Divorcing A Florida Inmate

by Anonymous from Texas

My husband left 10 years ago and I've not seen or heard from him since.

After years of searching the Internet, I just discovered he is an inmate in a Florida correctional facility.

I live in Texas and want to file for a divorce. How do I do this?

Answer to Florida Divorce Question

Dear Anonymous,

In order to file for a divorce in Texas, you must have been a state resident for at least six months prior to filing.

This is also true for the state of Florida.

Furthermore, the Texas County in which you live requires you to be a resident of that county for at least 90 days.

Whether you are in Texas or Florida, you will file with the appropriate court in the county where you reside. In Texas, a divorce petition is filed with district court clerk.

Since both states offer the "no-fault" ground of irreconcilable differences (Texas) or the marriage being irretrievably broken (Florida), you do not have to prove fault on the other person.

However, the state of Texas does offer a fault ground of conviction of a felony and a fault-based ground of living apart without cohabitation for at least 3 years.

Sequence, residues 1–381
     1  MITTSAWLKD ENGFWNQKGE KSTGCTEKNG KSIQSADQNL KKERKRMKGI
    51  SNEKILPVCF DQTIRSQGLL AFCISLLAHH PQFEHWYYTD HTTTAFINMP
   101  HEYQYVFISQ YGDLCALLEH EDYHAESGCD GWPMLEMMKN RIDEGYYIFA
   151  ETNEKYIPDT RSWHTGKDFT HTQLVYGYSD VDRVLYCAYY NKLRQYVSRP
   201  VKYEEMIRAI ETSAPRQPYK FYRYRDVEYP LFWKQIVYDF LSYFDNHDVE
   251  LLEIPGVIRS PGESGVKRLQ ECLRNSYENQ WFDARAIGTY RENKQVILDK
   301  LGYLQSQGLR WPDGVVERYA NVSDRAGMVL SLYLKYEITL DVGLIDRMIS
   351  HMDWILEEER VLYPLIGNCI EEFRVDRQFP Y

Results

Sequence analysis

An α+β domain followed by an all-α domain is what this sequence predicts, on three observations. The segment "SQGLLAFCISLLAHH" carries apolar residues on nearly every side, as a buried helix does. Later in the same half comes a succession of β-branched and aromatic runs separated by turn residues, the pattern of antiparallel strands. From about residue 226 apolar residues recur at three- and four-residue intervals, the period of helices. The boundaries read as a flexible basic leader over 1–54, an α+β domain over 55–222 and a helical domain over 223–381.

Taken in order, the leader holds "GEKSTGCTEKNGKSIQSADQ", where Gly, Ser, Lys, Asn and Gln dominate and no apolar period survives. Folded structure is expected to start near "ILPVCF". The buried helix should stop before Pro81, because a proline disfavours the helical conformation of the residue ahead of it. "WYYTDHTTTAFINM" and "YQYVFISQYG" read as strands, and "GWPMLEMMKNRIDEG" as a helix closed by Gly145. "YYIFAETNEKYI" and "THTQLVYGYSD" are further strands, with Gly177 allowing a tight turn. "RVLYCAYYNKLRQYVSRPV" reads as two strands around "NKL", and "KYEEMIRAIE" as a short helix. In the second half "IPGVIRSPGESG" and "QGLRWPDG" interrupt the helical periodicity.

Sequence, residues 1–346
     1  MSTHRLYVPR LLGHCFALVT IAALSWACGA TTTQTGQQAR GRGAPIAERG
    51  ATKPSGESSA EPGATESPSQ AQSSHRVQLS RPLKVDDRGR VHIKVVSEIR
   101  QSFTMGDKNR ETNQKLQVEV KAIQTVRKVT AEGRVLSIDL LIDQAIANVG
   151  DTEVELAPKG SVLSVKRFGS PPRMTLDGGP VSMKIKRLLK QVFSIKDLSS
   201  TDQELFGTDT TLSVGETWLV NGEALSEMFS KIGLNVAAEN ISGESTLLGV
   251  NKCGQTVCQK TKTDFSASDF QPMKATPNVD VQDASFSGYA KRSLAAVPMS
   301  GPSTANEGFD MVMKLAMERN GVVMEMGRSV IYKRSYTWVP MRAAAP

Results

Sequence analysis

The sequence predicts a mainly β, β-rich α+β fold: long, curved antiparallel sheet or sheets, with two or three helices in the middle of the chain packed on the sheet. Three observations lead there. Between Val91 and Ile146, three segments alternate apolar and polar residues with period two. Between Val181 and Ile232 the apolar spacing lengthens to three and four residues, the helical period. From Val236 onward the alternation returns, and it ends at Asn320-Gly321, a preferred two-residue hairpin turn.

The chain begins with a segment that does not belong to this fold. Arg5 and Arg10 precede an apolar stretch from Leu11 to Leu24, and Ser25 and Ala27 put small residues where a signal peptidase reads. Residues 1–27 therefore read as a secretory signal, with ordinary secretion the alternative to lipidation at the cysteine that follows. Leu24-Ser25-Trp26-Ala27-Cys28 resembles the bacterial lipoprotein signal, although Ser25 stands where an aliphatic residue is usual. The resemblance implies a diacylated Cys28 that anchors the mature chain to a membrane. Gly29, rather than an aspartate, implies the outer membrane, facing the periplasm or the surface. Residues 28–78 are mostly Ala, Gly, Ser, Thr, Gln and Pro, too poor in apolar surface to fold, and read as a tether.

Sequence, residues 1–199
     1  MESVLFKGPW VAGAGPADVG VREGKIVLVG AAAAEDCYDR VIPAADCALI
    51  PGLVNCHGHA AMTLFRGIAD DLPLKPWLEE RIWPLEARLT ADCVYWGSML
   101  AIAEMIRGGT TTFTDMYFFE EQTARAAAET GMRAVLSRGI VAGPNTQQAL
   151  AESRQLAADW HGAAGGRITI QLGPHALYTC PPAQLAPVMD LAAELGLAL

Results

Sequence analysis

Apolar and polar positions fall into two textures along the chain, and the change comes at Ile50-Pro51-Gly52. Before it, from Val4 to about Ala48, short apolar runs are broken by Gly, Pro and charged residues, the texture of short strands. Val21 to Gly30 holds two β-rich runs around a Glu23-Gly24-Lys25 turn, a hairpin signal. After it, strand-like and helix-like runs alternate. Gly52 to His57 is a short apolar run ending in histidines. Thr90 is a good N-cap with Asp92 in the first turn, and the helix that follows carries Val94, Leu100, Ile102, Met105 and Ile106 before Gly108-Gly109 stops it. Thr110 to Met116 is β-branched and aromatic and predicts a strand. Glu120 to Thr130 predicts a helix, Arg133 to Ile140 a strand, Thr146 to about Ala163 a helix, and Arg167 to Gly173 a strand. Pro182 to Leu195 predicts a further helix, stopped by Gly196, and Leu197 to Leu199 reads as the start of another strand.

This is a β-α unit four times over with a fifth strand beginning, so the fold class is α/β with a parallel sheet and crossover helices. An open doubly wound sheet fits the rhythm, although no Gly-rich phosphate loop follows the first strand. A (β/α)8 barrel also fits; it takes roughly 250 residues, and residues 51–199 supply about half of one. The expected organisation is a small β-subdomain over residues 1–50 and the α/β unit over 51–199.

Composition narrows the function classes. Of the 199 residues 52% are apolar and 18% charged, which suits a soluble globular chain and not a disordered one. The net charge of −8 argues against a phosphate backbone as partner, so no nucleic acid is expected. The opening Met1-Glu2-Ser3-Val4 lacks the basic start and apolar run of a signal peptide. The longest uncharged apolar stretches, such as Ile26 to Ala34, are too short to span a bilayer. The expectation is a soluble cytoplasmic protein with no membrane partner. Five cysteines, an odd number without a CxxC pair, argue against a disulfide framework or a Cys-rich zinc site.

Utilizing any of these grounds, you can obtain a divorce whether your spouse agrees to the case or not.

Since you already live in Texas, as long as
you meet the residency requirements then you should file there.

In any of the situations mentioned above, the law does require you to notify your husband about the divorce.

If he wishes to contest the divorce, then you may have a court battle ahead of you.

If he provides an answer agreeing with the divorce, you will able to proceed with the case uncontested.

If he does not provide an answer, you will get to proceed with the case as a default divorce.

In terms of property, Texas and Florida both consider contributions to marital property.

In your case, it is unlikely that your husband has contributed to your property, so you are probably not facing property distribution. Still, you should ensure that you have everything covered. It might be in your best interests to consult with an attorney, especially if he contests the divorce.

Notice: We provide these answers to the general public and our website visitors as a means to further their online legal research. These answers are merely suggestions and should not be regarded as legal advice.

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